Jesus Christ promised to be with us until the end of time. And He is. What happened in Lanciano 1200 years ago is a powerful testament to that.
So is what will happen on this altar in a few moments. Prepare to receive the greatest gift God can give us. The gift of Himself.
It is astounding to consider what bread can become.
Back in December, writing about the Feast of the Immaculate Conception I said:
When I think of all of this – how the whole theme of “something from nothing” permeates the world and our lives – then I wonder…how is it that people of faith can find so much about which to be contentious? For the God who created “something from nothing,” immaculate conceptions and virgins births are cake walks! So, for that matter, is the changing of humble bread and wine into the Body and Blood of the One who said, “my Flesh is real food, my Blood is real drink…”
“With God, nothing is impossible…” That’s true. But also, perhaps, “With God…’nothing’ is literally ‘not possible.”
With God, there is no nothing, for even “nothing” is filled with Intention. And Intention…Assents. And Assent…brings forth. It Creates. And in every assent we utter, every stitch we knit, every empty bowl we fill, every lonely life we consent to touch, every hateful remark we respond to with love, we create something where there was nothing. With our every “yes,” we assist in creation, with the continuation of the world. We work with the Creator, for whom no need is too small, for whom love knows no limits.
It is the great secret.
How better to “assist in creation” than with his own Being flowing within our veins?
Back in 2005, discussing Thomas Merton’s classic book of conversion and discovery, The Seven Storey Mountain, I quoted him writing of the Holy Eucharist:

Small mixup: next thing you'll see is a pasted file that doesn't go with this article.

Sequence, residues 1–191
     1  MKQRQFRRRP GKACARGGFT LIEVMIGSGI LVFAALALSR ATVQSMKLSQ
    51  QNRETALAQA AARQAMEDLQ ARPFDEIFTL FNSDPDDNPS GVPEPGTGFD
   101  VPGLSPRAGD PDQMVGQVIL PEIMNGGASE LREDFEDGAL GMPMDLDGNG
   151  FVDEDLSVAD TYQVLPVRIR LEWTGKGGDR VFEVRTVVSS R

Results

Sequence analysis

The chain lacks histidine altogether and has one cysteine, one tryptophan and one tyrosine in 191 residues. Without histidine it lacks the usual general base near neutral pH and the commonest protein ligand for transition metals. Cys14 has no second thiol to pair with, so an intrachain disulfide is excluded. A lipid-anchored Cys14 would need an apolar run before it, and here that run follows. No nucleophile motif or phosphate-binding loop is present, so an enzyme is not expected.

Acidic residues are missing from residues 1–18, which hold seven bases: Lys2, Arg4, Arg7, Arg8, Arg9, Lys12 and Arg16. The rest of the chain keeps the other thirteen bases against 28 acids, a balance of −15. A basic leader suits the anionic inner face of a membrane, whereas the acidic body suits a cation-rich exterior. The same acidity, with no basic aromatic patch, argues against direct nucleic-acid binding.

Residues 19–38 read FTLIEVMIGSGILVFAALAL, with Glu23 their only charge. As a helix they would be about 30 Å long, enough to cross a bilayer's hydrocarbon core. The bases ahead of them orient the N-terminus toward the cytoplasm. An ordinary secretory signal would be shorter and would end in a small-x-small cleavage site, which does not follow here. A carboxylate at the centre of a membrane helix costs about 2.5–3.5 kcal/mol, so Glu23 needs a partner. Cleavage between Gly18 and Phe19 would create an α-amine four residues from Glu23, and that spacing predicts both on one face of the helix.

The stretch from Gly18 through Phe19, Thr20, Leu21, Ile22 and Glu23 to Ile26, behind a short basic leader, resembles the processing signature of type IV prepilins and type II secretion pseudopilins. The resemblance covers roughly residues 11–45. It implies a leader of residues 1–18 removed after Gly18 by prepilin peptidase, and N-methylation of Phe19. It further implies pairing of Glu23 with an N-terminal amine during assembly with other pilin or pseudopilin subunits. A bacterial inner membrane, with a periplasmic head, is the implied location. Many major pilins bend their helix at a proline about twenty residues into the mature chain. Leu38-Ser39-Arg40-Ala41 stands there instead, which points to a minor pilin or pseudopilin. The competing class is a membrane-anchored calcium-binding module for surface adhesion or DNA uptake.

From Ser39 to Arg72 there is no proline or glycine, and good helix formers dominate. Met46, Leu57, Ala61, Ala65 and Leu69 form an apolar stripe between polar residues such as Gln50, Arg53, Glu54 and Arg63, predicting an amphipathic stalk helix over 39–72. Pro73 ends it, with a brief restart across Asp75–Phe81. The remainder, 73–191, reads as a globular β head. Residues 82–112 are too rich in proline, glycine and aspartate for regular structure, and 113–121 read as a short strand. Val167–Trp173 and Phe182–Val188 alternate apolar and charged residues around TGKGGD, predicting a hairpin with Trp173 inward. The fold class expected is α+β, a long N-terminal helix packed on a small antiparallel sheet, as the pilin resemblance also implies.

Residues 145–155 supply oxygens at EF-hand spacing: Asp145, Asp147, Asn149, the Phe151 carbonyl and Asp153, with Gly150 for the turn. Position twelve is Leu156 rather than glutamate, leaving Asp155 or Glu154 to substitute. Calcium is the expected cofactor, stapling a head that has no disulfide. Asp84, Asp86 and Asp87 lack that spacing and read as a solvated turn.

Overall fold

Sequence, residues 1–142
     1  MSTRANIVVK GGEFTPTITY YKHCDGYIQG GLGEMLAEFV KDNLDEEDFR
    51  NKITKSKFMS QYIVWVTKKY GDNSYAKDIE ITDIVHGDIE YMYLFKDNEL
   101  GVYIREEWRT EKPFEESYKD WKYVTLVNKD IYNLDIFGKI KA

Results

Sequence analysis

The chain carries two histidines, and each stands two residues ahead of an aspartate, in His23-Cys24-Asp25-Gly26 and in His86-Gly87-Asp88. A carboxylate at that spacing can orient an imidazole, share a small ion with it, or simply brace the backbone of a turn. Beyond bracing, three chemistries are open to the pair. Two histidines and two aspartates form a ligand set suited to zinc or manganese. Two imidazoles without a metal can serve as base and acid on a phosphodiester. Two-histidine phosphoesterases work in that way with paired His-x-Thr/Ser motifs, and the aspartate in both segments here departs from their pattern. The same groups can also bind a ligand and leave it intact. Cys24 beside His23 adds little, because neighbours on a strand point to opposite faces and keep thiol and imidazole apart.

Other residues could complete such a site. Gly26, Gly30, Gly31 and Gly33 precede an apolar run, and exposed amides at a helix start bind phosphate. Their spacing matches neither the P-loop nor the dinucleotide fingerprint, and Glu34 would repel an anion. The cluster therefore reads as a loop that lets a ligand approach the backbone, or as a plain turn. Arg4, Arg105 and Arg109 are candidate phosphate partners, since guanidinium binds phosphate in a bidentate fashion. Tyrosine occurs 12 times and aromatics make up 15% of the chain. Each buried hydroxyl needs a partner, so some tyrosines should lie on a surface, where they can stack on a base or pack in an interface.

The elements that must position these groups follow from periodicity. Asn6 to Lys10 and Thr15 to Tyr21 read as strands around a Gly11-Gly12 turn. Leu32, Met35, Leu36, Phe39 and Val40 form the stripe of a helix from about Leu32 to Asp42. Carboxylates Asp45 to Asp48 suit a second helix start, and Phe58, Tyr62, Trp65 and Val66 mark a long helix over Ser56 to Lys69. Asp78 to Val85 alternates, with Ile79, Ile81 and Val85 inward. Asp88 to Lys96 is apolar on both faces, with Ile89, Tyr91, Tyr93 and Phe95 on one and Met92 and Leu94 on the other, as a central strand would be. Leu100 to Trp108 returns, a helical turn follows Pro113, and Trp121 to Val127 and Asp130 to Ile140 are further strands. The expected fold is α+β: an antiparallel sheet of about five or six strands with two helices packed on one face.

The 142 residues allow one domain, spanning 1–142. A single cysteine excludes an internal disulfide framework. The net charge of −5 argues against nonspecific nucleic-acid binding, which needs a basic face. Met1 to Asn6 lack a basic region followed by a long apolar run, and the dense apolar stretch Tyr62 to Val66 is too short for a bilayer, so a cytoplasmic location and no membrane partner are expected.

I tell you there is a power that goes forth from that Sacrament, a power of light and truth, even in to the hearts of those who have heard nothing of Him and seem to be incapable of belief.
And too he said, of the Eucharist:
…that tremendous, secret and obvious immolation, so secret that it will never be thoroughly understood by a created intellect, and yet so obvious that its very obviousness blinds us by excess of clarity; the unbloody Sacrifice of God under the species of bread and wine.
Blinds us by excess of clarity. Yes.
I know that Catholic apologists will do the “fight with scripture tooth and nail” thing, trying to convince our separated Christian brethren of the Reality of Christ’s Physical Presence under the species of bread and wine. They talk about Paul admonishing Christians who received unworthily…they go to John 6 and quote Christ, “unless you eat my flesh and drink my blood you have do not have Life within you,” (He being the “Way, Truth and Life”) but I often think, if Christ himself could not explain this and convince people using words, then what’s the point of my even trying? Truly, when Jesus spoke those words, many ran away, repulsed or fearful, and his own apostles – typically – had no idea what he was talking about. But after his resurrection, they recognized him – and beheld their encounter with the Messiah – as he revealed himself in the breaking of bread.
For me, Eucharistic chat is all well and good, but it does not make me believe in the Real Presence. What does that is the Eucharist itself – with each encounter, with each breaking of the bread, with each hour of Adoration, Jesus’ Real Presence becomes more undeniable as he reels me in and I flop down before him, a landed grouper, both unable to escape and not wanting to. For me, His Presence in the Eucharist cannot be talked…it must be experienced. A half-hour before the monstrance, an hour before a closed tabernacle in an empty church…nothing compares, nothing instructs so sweetly, or sears me with such unrelenting gentleness. John Paul II wrote every one of his encyclicals while seated before the Tabernacle in his chapel.
Merton said, “there is a power that goes forth from that Sacrament…” It is true. A power so vast that you can even perceive it over the air or via cables and transistors. Visit for a little while, and see if you don’t.